Nearly photo-realistic figures stenciled in place make bright surrounding tags all the more vibrant in this series of street art juxtapositions by artist Martin Whatson of Norway.
The characters, generally rendered in black and white, are sized and scaled like residents and passers by in the built environment. The tags, rich and overlapping, look more like what most people would call “graffiti.” The anti-artist Gray Ghost comes to mind, famous for painting over the works of other artists, like Banksy.
On their own, each component is somewhat predictable, but in their interactions these works come to life. The characters look through windows surrounded by color, or sweep up street graffiti, or pull back walls to reveal it. The tags, in turn, add light and life to the scenes, points of color in a drab and dreary city.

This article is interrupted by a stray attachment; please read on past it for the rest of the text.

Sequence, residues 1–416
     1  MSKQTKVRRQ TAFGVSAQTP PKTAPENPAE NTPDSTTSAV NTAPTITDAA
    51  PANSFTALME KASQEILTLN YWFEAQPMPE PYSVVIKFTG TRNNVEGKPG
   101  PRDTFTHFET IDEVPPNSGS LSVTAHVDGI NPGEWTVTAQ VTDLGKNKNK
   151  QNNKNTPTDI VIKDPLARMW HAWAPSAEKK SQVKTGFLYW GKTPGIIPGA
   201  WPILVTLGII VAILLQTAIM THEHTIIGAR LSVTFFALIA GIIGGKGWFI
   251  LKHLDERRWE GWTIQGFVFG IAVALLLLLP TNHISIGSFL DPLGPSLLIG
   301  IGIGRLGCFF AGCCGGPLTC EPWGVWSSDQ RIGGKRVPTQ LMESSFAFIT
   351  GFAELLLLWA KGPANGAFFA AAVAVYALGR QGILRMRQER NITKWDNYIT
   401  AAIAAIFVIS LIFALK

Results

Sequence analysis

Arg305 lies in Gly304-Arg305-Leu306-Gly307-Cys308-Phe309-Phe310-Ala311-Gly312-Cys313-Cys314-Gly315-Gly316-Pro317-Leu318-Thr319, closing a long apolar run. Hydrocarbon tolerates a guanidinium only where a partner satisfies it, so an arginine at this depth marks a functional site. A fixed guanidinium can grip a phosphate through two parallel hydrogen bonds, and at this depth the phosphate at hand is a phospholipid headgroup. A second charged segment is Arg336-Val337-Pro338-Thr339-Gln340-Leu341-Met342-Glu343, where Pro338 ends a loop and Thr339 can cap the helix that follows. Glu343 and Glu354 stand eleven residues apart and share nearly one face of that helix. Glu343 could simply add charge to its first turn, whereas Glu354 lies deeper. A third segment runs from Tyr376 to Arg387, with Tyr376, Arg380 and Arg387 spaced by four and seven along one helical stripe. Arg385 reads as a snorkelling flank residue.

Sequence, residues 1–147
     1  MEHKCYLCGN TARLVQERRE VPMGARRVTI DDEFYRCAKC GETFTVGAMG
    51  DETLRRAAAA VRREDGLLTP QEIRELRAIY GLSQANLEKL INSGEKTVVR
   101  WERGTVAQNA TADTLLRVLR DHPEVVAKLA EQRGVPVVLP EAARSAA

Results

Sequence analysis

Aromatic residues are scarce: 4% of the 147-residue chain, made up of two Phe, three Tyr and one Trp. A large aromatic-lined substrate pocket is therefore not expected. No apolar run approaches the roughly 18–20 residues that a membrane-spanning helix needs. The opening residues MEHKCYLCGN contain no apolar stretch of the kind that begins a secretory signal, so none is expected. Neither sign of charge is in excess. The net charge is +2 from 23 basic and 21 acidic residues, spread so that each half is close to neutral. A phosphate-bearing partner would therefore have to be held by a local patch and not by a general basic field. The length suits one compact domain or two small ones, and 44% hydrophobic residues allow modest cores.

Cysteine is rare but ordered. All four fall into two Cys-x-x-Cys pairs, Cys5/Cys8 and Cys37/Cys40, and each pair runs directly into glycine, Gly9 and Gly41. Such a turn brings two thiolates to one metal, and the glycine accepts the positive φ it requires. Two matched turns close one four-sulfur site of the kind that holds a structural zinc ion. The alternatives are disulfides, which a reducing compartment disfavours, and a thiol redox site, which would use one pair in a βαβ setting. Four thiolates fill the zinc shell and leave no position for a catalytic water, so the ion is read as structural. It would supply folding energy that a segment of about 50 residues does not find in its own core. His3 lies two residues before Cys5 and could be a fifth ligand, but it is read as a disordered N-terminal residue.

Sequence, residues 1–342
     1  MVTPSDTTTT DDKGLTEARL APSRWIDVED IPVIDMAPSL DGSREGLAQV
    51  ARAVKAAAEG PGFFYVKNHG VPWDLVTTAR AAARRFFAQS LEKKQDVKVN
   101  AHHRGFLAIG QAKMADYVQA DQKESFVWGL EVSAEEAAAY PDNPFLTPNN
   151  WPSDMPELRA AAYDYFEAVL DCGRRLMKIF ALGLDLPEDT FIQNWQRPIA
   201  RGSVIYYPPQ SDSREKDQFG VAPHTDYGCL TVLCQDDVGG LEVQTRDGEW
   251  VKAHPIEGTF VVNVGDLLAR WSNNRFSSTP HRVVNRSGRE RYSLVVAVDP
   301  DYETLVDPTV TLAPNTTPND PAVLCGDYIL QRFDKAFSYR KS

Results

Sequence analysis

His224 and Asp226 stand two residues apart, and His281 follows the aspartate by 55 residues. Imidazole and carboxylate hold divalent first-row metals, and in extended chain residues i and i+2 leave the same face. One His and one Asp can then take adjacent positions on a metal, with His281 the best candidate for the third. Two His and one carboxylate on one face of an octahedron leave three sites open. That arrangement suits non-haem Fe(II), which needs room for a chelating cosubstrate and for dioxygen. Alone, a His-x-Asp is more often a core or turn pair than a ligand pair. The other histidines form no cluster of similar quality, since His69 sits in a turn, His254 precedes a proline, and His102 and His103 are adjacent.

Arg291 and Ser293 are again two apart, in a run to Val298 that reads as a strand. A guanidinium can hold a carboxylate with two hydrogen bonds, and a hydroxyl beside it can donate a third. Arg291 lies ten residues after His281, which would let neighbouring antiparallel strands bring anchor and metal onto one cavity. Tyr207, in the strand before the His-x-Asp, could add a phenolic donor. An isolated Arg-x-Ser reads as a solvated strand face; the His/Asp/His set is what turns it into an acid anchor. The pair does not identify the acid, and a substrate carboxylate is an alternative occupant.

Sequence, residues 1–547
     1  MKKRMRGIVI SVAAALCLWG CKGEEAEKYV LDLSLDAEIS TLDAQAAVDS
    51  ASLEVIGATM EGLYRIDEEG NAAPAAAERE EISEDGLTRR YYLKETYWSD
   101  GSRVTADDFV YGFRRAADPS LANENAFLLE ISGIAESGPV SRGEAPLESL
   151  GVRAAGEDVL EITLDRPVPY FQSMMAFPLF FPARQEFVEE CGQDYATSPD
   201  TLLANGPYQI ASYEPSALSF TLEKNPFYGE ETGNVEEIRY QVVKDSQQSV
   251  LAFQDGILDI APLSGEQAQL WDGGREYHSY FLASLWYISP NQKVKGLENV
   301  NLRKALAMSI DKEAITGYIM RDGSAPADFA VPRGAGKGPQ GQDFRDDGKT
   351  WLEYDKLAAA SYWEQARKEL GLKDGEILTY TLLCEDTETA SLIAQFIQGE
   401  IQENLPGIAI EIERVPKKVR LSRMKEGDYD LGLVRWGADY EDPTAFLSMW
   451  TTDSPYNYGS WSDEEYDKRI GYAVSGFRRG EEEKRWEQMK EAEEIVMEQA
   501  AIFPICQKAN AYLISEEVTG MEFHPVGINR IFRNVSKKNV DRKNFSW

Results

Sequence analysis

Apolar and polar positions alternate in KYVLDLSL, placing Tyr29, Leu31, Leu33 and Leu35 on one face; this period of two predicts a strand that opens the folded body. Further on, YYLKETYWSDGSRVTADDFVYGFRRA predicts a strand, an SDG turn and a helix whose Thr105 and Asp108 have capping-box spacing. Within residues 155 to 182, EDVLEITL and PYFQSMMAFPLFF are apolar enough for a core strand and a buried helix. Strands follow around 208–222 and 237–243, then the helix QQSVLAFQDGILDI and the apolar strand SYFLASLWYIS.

Much of his work breaks this format as well, but generally still finds itself at the interaction of urban spaces and imaginary worlds. Below, a figure painting clouds on the wall gives depth and dimension on both fronts: the clouds seem to go back and the painter appears to stand out.
More about the artist and his approach: “Martin has a continuous urge to search for beauty in what is commonly dismissed as ugly, out of style or simply left behind. He looks for inspirations in people, city landscapes, old buildings, graffiti, posters and decaying walls. This interest for decay has helped develop his style, motives and composition and he enjoys creating either unity or conflict between materials, backgrounds, motives and human intervention” (via Colossal).